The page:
PARENT INVOLVEMENT IN EDUCATION AS A MODERATOR OF FAMILY AND NEIGHBORHOOD SOCIOECONOMIC CONTEXT ON SCHOOL READINESS AMONG YOUNG CHILDREN
Version of Record online: 25 FEB 2013
© 2012 Wiley Periodicals, Inc.
Journal of Community Psychology
Volume 41, Issue 3, pages 265–276, April 2013
How to Cite
Kingston, S., Huang, K. Y., Calzada, E., Dawson-McClure, S. and Brotman, L. (2013), PARENT INVOLVEMENT IN EDUCATION AS A MODERATOR OF FAMILY AND NEIGHBORHOOD SOCIOECONOMIC CONTEXT ON SCHOOL READINESS AMONG YOUNG CHILDREN. J. Community Psychol., 41: 265–276. doi: 10.1002/jcop.21528
- Issue online: 25 FEB 2013
- Version of Record online: 25 FEB 2013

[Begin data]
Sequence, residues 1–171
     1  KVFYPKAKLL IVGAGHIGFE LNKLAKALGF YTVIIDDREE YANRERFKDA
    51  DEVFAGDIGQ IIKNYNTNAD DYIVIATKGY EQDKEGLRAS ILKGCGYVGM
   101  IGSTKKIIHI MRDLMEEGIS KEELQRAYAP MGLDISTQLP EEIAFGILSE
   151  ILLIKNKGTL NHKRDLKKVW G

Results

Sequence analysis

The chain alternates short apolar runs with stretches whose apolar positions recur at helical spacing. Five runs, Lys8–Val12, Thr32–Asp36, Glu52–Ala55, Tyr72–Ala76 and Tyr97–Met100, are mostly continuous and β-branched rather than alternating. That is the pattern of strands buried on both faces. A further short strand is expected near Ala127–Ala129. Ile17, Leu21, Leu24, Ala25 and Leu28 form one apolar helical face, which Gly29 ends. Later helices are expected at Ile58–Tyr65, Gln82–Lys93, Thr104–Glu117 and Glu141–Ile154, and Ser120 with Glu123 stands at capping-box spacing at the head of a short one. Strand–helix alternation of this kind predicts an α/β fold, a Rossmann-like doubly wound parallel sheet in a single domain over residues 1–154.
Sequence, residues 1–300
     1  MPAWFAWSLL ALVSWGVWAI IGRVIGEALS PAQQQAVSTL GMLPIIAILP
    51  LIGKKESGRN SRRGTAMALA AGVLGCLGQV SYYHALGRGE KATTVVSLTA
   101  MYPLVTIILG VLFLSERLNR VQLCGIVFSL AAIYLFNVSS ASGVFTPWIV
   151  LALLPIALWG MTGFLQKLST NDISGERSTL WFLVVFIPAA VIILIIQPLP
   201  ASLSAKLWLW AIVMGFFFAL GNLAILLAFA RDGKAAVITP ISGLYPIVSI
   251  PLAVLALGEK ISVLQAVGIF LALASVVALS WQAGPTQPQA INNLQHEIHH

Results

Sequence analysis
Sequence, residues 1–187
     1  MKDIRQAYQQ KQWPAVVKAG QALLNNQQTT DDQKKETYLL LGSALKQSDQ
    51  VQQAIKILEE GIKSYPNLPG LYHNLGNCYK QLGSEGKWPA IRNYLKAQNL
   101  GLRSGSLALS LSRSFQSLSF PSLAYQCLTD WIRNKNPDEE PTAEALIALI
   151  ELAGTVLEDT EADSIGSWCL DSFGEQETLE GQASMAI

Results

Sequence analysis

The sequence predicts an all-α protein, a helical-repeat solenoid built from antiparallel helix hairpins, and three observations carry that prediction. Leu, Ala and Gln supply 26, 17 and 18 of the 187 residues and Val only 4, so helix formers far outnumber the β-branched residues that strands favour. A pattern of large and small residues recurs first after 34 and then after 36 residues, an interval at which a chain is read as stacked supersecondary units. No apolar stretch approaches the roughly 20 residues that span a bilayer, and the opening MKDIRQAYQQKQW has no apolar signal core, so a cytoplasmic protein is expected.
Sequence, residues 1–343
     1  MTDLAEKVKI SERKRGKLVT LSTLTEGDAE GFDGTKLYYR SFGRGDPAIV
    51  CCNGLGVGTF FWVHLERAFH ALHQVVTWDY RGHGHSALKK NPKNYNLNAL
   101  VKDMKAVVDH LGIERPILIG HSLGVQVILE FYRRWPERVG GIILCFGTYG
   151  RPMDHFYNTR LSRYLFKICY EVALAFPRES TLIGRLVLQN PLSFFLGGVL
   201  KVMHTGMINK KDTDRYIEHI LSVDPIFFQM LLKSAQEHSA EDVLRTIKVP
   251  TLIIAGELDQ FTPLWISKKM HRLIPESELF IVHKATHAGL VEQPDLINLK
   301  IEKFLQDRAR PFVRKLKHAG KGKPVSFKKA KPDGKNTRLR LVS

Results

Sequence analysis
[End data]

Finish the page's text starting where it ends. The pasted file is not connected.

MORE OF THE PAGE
Limited socioeconomic family and neighborhood resources are known to influence multiple aspects of school readiness skills. Early parent involvement in education is hypothesized to attenuate risk for academic underachievement related to socioeconomic disadvantage. The current study used multilevel modeling to test whether parent involvement moderates the effects of family and neighborhood level socioeconomic resources on school readiness among a sample of 171 urban 4-year-olds. Parent involvement moderated the effect of family and neighborhood socioeconomic resources on the social-emotional-behavioral components of school readiness. Increased parent involvement in education was related to lower rates of behavior problems among children of single parents and among children from neighborhoods with higher levels of childcare burden. In contrast, parent involvement did not moderate the relation between socioeconomic risk and cognitive-academic components of school readiness skills.